It was exactly the opposite of the boring, cookie-cutter neighbourhood I'd grown up in and I became obsessed with it.
When I finally moved downtown and was living in The Roslyn up the street I'd walk home from work, have a shower, and park myself at The Toad on one of the long wooden benches that overlook Osborne Street with a beer in my hand.
I hated sitting alone. It made me feel anxious, and I worried that the people around me would judge me for sitting by myself. But, inevitably, someone I knew would walk or skateboard by and stop to have a drink on the patio with me.
Because that's what happens when you sit outside at The Toad.
And if nobody showed up and you wound up having a beer alone?
That was okay too, because nobody gave a shit.
(In reality, nobody anywhere cares.
I know this now, but didn't then.)
Back then they only had one bathroom for women, and during the summer or late on a Friday or Saturday night you might as well have given up and peed outside instead of waiting in the line to use the single-stall women's bathroom
(or do what I did and go for a slice at Lil Pizza Heaven next door and use their bathroom while you wait.)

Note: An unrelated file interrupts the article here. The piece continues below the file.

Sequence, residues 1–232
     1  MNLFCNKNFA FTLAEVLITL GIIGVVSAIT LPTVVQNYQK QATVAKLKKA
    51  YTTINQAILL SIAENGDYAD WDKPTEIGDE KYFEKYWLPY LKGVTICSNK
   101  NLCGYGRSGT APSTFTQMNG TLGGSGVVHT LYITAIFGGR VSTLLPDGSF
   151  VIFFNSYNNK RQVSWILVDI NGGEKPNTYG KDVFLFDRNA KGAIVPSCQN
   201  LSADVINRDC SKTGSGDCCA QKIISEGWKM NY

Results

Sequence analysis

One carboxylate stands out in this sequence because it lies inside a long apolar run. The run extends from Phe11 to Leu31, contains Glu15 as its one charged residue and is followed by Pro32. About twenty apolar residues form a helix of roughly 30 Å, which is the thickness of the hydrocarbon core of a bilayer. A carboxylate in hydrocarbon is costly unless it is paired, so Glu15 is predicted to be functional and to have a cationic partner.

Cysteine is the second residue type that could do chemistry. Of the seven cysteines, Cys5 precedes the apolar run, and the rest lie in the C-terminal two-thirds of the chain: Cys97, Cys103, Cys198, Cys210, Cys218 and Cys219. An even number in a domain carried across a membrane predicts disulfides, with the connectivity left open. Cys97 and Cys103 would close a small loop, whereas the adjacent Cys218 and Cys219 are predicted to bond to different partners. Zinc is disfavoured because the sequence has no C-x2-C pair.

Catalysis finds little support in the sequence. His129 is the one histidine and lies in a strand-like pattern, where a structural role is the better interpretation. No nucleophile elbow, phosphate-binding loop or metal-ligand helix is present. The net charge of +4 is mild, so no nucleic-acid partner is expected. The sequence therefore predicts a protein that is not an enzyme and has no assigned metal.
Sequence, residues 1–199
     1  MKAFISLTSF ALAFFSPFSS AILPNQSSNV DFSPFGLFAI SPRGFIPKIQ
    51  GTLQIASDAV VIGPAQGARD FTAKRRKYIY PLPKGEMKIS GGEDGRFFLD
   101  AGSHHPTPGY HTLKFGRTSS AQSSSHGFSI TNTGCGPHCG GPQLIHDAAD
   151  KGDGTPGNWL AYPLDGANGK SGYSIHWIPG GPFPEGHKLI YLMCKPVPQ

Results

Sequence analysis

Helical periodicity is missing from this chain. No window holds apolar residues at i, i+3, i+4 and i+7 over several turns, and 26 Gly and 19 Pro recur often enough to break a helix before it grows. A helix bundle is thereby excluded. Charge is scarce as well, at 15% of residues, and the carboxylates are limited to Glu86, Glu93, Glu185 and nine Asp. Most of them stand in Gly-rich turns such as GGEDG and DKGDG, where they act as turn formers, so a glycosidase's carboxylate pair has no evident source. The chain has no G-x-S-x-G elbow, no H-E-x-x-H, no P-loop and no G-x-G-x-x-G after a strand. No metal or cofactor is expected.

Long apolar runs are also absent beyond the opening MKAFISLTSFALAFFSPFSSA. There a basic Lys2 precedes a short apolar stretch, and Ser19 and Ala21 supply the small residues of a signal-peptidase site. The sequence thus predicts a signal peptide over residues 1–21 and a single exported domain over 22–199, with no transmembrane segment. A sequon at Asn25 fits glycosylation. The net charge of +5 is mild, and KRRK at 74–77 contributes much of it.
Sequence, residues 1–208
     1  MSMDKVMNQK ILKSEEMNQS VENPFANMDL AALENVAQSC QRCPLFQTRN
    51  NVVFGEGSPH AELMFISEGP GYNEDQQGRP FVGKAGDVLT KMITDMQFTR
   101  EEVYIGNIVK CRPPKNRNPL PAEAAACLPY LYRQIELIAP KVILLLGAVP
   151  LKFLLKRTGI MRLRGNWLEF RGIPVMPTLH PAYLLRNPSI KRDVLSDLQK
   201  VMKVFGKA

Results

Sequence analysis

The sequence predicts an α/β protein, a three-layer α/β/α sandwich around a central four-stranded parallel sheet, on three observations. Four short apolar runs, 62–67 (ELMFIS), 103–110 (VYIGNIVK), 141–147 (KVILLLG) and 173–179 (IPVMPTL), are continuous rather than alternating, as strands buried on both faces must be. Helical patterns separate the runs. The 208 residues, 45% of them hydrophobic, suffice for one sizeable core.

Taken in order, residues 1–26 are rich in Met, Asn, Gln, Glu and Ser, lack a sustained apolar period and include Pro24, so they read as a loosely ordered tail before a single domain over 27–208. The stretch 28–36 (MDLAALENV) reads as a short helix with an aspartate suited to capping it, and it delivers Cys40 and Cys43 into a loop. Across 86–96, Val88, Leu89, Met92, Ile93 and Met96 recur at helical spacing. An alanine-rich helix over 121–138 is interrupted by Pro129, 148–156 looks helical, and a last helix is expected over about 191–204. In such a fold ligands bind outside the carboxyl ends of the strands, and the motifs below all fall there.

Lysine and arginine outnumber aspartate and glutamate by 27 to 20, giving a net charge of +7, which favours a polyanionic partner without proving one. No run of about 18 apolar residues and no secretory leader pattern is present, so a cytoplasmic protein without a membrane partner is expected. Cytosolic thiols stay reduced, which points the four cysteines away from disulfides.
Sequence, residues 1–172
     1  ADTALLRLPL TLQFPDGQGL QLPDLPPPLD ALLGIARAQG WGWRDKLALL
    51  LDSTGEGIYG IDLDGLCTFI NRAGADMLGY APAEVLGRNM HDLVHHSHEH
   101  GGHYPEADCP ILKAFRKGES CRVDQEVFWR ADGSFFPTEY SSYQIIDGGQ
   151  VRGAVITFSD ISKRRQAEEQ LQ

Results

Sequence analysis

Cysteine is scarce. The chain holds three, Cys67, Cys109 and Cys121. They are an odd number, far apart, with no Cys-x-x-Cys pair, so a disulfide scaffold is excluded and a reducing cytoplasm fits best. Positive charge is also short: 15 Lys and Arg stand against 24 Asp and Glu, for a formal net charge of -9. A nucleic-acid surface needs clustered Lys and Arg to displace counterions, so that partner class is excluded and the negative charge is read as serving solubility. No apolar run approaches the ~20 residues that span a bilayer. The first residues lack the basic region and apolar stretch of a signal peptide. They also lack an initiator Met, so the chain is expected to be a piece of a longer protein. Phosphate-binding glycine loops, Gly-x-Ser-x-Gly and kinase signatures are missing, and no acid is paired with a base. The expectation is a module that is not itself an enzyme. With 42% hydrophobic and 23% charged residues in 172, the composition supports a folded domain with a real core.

I've spent hours here in various states of inebriation. Last spring John and I hung out here after we went for a fancy anniversary dinner at Sous Sol up the street and met a man who ran a dog grooming business
(or was selling it, I forget)
and a magician who did tricks for us for free.
I haven't lived in The Village for the better part of a decade and I don't go to The Toad as often as I used to. It's just not as close as The Good Will or Handsome Daughter or even The Grove.
So I don't go here much anymore. But I'm trying to lately.
I want to soak up as much of this dingy, familiar, comforting
atmosphere before it's gone.
Which, honestly, is never something I'd thought I'd have to say about somewhere like The Toad.
It's the kind of place your parents know, and because they know it and you know it you kinda expected that it would always be there. It's the kind of place you take for granted until it's gone.